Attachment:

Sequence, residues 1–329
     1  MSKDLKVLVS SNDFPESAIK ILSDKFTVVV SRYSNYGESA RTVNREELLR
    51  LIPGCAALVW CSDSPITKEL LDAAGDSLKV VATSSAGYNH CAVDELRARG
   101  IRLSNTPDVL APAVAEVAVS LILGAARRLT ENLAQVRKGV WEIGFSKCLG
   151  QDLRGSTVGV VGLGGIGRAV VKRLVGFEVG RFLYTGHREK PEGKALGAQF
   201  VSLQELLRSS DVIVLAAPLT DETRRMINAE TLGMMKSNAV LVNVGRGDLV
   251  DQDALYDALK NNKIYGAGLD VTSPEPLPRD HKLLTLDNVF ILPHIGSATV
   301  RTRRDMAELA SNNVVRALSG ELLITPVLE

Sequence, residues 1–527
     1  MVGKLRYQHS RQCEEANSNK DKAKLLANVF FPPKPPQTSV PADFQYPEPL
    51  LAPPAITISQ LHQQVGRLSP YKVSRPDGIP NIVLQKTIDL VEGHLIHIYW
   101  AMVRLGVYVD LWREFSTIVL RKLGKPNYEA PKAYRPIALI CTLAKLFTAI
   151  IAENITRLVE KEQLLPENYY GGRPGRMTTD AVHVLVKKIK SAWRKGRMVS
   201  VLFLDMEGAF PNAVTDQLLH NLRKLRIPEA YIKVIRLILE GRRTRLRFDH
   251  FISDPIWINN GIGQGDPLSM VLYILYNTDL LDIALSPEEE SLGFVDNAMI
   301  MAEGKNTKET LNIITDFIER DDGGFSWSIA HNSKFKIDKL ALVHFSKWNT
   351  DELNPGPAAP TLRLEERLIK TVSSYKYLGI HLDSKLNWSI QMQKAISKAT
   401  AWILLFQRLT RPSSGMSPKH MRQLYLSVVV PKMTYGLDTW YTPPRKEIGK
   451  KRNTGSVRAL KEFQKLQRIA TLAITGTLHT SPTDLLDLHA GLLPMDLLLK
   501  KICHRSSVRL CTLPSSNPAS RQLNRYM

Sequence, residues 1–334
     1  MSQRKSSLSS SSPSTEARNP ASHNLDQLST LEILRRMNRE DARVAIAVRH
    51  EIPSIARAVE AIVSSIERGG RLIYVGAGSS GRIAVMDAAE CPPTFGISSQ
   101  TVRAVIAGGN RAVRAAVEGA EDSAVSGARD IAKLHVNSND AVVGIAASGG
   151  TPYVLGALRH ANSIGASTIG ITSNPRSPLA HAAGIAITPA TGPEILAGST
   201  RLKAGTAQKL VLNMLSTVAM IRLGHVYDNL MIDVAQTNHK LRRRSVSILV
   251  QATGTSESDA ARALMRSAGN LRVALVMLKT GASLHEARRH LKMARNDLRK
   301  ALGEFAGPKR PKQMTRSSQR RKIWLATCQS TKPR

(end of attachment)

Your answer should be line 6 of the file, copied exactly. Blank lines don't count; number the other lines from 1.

   201  VSLQELLRSS DVIVLAAPLT DETRRMINAE TLGMMKSNAV LVNVGRGDLV